As part of President Biden’s Investing in America agenda, the U.S. General Services Administration (GSA) recently awarded over $10 million to select windows made of low embodied carbon (LEC) glass to be featured in an existing renovation project at the Lewis F. Powell Jr. U.S. Courthouse and Annex buildings in Richmond, Virginia. 

This investment under the Inflation Reduction Act (IRA) aims to expand America’s industrial capacity for manufacturing goods and materials of the future, tackle the climate crisis, and create good-paying jobs for workers in the region.

Vitro Architectural Glass announced that its Solarban® 60 solar control low-e glass was selected by the GSA for the Powell Courthouse and Annex renovations. Solarban® 60 glass meets one of the limits (top 40%) established in GSA’s IRA Low Embodied Carbon Material Requirements for flat glass.

Additionally, Solarban® 60 glass meets the courthouse’s efficiency, performance, and aesthetic needs while generating fewer emissions from manufacturing, with a third-party verified global warming potential (GWP) of 1,350 kilograms of carbon dioxide equivalent per metric ton, which is 6% lower than North America’s flat glass industry standard figure. 

With its ability to transmit 70% of the available visible light while blocking 62% of the sun’s heat energy, Solarban® 60 glass offers year-round comfort for occupants, significant energy savings and a clear, color-neutral appearance.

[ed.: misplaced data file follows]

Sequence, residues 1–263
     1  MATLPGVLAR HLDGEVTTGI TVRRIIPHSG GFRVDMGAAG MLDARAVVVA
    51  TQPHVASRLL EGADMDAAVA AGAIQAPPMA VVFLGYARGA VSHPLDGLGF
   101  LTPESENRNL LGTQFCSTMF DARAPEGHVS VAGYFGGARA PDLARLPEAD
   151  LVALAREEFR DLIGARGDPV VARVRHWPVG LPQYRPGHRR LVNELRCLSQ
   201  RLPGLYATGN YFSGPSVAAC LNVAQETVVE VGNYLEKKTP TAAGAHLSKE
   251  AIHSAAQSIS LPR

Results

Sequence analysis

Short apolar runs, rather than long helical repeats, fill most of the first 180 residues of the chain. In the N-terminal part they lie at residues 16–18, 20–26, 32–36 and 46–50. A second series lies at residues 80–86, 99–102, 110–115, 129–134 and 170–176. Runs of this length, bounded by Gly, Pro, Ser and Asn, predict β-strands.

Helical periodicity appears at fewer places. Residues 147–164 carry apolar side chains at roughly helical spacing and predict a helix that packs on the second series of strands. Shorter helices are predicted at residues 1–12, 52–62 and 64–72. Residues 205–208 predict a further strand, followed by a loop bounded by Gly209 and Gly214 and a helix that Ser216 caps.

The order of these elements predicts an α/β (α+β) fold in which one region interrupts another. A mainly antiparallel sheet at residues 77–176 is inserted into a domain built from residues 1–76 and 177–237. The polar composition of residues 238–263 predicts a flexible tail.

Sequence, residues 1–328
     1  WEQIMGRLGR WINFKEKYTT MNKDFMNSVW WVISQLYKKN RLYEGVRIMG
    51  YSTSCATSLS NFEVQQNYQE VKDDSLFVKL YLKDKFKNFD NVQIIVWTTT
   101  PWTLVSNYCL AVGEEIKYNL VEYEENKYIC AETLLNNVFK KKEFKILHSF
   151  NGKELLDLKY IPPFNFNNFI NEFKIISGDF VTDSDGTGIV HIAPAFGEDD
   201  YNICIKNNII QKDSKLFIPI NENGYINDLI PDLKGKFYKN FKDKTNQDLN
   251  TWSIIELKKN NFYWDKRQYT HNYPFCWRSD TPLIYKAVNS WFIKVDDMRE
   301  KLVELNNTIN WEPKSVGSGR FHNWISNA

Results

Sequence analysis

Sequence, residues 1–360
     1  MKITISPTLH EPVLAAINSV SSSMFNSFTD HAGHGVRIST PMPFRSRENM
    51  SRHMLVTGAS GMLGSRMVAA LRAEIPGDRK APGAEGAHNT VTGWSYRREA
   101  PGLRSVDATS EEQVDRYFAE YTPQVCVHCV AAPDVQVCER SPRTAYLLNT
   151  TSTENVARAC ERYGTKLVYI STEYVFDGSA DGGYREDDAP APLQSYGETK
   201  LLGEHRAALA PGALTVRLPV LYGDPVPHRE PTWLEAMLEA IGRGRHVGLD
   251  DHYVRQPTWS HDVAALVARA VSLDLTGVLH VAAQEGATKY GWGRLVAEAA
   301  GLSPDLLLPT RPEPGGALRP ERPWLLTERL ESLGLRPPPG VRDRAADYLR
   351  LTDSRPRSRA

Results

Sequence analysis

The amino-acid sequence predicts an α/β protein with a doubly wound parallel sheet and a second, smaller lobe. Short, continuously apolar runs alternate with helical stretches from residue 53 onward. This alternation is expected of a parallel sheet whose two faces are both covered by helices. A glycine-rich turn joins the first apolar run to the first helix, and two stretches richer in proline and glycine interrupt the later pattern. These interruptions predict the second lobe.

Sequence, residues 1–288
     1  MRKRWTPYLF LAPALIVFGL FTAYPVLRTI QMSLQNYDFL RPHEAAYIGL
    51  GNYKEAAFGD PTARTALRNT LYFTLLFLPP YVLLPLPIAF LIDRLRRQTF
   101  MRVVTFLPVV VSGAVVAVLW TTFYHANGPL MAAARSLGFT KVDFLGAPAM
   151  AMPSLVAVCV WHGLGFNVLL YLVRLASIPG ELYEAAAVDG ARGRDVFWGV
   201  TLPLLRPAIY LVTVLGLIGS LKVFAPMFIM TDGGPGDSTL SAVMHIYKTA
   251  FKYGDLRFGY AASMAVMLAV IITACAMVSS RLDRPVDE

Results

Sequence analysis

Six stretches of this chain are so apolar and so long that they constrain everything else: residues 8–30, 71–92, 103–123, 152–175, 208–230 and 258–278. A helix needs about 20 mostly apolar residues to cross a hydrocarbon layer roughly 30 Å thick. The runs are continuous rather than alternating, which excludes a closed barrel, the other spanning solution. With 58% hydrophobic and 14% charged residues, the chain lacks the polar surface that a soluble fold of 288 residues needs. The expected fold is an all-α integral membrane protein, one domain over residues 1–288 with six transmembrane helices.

“As the leading glass manufacturer in North America who consistently raises industry standards for sustainability and environmental performance, we are honored to be part of this endeavor to reduce carbon emissions and produce more energy-efficient spaces,” said Paul Bush, Vitro Architectural Glass vice president, Technical Services, Sustainability & Government Affairs. “Our family of Solarban® solar control low-e glasses offer clean, sustainable solutions, and most importantly, deliver a return on carbon by dramatically reducing the operational carbon of buildings every year of their lifespan.” 

Vitro’s production teams have taken several significant steps to lower embodied carbon generated during glass production, which is challenging because flat glass manufacturing makes up more than 75% of the GWP of double-pane insulating glass units (IGUs). Strategies to lower embodied carbon include using batch material more efficiently, implementing furnace control systems to reduce the variability of melting temperatures and fuel consumption, adding low-NOx burners and variable frequency drives on cooling fans to reduce energy use, installing energy-efficient LED lighting and driving supplier improvements.

A highlight of these efforts is Vitro’s pioneering use of oxy-fuel technology at three plant locations in the U.S. Vitro’s patented oxy-fuel furnace technology melts glass raw materials such as sand and silica carefully, mixing pure oxygen (instead of air) with natural gas, significantly improving our energy and environmental performance. This technology and process reduces energy consumption in glass-melting furnaces by as much as 20%, cutting greenhouse gas emissions in half.

The Powell Courthouse and Annex renovation projects are among the first procurements of low embodied carbon construction materials under the Biden-Harris Administration’s Buy Clean Initiative. The federal government is, for the first time, prioritizing the purchase of asphalt, concrete, glass and steel that have lower levels of greenhouse gas emissions associated with their production, use and disposal. 

Vitro recognizes additional partners: fabricator, United Plate Glass, wholesaler, Glass Distributors, Inc., and broker, BK Glass.

For more information about Vitro Architectural Glass products, visit